Louis Charland

Courtesy of Western University

Professor Louis Charland, a member of Western’s philosophy, health sciences and psychiatry departments, passed away suddenly of a heart attack May 9. He was 62 years old.

Charland taught at Western for over two decades and was a member of Western’s Rotman Institute of Philosophy, which focuses on the interdisciplinary applications of philosophical thought. Charland’s research focused on.

A memorial post on Twitter from University of Toronto professor Trudo Lemmens remembers Charland as “one of the original voices in philosophy of psychiatry and bioethics. We will miss his friendship, collegiality, and his rich, humane voice, informed by wisdom of experience.”

Charland is perhaps most well-known in the scholarly community for a paper he published in 2016 on clinical treatments for the eating disorder anorexia nervosa. In his research, Charland argued anorexia should be treated as a disease of emotion rather than logic, meaning cognitive behavioural therapy, which is commonly used to treat anorexia, would be ineffective.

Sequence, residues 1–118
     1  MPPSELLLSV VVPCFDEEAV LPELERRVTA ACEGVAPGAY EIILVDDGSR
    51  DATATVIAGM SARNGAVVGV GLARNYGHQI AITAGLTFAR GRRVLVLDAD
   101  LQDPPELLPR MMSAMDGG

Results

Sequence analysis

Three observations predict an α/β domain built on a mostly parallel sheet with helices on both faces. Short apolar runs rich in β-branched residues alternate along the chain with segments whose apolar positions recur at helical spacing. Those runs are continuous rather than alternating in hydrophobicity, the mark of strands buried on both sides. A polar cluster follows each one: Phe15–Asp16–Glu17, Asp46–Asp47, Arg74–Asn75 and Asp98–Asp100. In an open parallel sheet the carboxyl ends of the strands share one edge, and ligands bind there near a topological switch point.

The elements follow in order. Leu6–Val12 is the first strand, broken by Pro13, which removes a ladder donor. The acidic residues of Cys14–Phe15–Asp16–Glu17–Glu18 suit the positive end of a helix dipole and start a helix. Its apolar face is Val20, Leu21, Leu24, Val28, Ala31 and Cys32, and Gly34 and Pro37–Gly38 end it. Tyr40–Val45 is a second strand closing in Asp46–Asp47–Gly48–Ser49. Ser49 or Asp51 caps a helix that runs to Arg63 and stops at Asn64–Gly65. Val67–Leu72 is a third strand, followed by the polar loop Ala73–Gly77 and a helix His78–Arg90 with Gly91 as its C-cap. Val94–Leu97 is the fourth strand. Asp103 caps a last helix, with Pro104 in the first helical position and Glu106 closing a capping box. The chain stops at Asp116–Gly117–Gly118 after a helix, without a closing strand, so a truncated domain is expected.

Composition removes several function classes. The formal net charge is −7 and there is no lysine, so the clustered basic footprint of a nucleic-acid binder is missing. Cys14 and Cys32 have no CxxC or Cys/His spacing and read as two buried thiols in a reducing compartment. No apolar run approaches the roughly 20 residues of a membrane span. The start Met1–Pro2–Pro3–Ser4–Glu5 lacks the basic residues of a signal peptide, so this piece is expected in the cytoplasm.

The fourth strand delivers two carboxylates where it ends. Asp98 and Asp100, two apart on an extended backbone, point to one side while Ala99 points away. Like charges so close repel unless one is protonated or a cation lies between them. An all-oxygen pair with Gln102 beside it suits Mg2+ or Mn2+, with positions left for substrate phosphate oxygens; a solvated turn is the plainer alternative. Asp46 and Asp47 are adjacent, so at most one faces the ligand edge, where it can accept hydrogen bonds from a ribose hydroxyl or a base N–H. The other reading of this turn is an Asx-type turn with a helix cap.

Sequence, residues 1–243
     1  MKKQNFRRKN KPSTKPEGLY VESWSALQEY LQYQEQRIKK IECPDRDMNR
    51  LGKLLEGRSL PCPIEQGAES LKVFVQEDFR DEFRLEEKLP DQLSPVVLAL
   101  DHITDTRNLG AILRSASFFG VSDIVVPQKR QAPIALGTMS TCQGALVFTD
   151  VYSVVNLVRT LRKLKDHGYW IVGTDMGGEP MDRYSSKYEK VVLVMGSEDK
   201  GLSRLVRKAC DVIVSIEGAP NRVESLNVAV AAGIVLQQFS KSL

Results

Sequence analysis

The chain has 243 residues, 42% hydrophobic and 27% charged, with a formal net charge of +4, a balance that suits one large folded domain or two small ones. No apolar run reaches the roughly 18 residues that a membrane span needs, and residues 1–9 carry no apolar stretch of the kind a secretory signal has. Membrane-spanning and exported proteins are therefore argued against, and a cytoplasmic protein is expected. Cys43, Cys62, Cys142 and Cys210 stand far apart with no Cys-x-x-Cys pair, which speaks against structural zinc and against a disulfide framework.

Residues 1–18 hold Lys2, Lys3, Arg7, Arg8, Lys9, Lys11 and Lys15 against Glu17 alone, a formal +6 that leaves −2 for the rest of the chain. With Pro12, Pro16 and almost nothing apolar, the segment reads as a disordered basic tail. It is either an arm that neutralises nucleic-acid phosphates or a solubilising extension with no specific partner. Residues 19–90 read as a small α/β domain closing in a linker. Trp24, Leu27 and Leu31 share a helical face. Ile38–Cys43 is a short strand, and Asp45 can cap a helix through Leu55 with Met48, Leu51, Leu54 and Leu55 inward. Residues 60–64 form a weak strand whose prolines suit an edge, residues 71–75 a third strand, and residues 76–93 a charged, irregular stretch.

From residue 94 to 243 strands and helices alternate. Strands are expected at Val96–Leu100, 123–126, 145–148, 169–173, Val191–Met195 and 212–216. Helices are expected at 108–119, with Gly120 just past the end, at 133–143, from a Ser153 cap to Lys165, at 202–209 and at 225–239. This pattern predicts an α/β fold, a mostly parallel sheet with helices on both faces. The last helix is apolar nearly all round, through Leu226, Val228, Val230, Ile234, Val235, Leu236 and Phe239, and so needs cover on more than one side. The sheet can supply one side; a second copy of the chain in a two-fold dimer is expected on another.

His research made headlines around the world. 

Charland is survived by his wife Anna, their son James, as well as his mother Marguerite, brother Bernard and sister Anne Elizabeth.

“The many that knew Louis will know he was a larger than life character, with humanity and generosity matched by his affable, gregarious demeanor,” wrote Charland’s family in his obituary. “He never lost his childlike, disarming wonder and passions.”  

Charland taught courses in both the philosophy and health sciences departments at Western this year, including this spring’s Introduction to the Philosophy of Psychiatry.

Before coming to Western, Charland worked in the Faculty of Medicine at McGill University and taught philosophy and bioethics at the University of Toronto. He sat on the research ethics board of the Douglas Psychiatric Hospital in Montreal, worked as a bioethicist for the Toronto Hospital of Sick Children and consulted on the Ontario government’s Premier's council on health strategy, which built a plan for the future of healthcare in the province. 

His family wrote Charland “was a force of nature with a lust for life that brought out the best in all those he touched … Louis will be sorely missed, but long remembered” 


Update (May 13, 2021, 2:17 p.m.): This article has been updated to include details from Charland’s family obituary.

Correction (May 12, 2021, 5:38 p.m.): This article was corrected to reflect that Louis Charland passed away May 9, not May 10.

 

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